During the shift Buck is visited by a woman who is trying to find him, Augusta, a girlfriend from long ago, who is a gifted pianist and has the ability to imagine life through intimate knowledge of the chords of classical music. But she’s told that Buck’s not there, and her pursuit of him continues through the French Quarter, after Buck’s shift ends. Buck and his various coworkers move through a series of drinking establishments whose names form the novel’s chapters: The Bourbon Oasis, The House of Bonaparte, Rancho Pillow. The stops along this surreal bar-hop are punctuated by brief Intermezzos on well-known French Quarter streets, each one providing details about the backgrounds of Buck and Augusta. Something is wrong with Buck, even beyond the obvious, and neither the reader nor Buck can identify what.

The plots gets violent after a stop at The House of Bonaparte, where a glass-eyed, hard-nosed character named Jules converses with Buck. Jules is Buck’s daddy, which may or may not mean that he’s his biological father. In the bizarre-o, drug-and-booze-lubed world spun by the narrator, nothing is certain. Buck wants to obtain a gun, possibly for protection against a hammer murderer who’s been terrorizing the gay scene in the Quarter.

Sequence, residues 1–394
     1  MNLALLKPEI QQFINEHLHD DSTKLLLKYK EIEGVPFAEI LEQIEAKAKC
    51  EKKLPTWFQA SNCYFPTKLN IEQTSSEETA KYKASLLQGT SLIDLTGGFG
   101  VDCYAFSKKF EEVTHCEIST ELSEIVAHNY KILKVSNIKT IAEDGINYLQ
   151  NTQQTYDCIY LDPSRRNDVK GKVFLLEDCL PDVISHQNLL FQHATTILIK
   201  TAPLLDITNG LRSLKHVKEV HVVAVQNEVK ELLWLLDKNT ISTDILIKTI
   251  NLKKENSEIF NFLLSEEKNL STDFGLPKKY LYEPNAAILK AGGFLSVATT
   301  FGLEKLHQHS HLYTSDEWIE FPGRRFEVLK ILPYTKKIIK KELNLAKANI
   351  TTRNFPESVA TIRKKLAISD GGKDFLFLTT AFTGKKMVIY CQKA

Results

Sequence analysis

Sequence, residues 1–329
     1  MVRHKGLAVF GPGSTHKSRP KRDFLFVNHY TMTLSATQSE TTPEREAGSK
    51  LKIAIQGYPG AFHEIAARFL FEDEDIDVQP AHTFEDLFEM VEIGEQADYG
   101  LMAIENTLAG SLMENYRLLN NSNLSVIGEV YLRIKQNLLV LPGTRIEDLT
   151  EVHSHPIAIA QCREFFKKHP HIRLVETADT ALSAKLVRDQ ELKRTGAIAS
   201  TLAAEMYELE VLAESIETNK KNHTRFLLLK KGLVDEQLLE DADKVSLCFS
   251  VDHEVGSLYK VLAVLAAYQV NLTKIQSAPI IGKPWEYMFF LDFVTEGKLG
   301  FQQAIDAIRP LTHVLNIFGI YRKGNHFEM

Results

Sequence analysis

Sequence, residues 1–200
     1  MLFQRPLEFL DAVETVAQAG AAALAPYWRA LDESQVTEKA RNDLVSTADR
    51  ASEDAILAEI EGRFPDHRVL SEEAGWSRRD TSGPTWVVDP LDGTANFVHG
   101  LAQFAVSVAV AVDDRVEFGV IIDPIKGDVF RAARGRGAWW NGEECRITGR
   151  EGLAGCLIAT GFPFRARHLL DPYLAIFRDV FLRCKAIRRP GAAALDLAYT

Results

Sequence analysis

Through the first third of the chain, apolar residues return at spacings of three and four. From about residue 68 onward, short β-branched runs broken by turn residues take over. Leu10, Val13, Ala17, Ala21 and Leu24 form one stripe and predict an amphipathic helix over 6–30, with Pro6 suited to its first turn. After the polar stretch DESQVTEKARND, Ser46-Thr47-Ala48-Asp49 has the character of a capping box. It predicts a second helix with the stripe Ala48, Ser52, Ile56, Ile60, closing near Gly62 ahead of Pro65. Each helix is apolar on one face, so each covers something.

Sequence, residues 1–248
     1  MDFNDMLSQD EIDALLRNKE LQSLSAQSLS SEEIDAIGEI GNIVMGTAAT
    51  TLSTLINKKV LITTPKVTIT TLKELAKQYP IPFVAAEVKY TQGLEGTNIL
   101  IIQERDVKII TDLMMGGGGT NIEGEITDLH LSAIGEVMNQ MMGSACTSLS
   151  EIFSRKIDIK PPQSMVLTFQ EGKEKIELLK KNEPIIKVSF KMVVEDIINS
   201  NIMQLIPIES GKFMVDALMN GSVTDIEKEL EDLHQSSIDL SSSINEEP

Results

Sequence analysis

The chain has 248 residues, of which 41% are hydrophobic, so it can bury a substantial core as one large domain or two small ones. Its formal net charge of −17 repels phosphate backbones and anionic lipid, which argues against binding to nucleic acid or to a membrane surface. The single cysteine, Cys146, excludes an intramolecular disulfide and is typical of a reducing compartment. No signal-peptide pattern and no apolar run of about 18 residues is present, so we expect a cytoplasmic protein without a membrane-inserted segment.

The next stop is Rancho Pillow, which features another in a string of delightfully drawn bartenders, their single unifying characteristic being their near-complete loathing of their clientele, “near” because their fellow service workers are cut some slack. Also everybody has slept with everybody else, or wants to, in this Quarter service scene. Although Buck isn’t sure what he wants, or what the hell is wrong with him, it’s clear he’s fucked some of his co-workers, and wants to again. What’s more, they want him, too—he’s pretty—only he can’t decide which way to go, if he wants a male or female lover.

The first-person narrator, it turns out, is some kind of deity or angel who is charged with helping Buck in his quest. In a long prose-poem section, the deity floridly muses on his role, which he likens to what “the Jews call . . . Beschert,” which means bestowed or given, and the deity’s feelings for classical music overlap completely with Buck’s. They are one and the same. All emotion and indeed the entire realm of human experience is echoed by, supported by, derived from, the works of Mahler, Bach, Brahms, Beethoven, Chopin, Wagner, Webern, Crumb, Messiaen, and others. Buck turns to the composers for purposes of expression, and the deity is there to help set Buck right, “to rend and reconstitute” himself. Augusta plays a key role. As a product of uptown New Orleans, she’s trained in piano, but her gifts surpass any prep school training. Her quest to play piano for Buck is tied to Buck’s fate.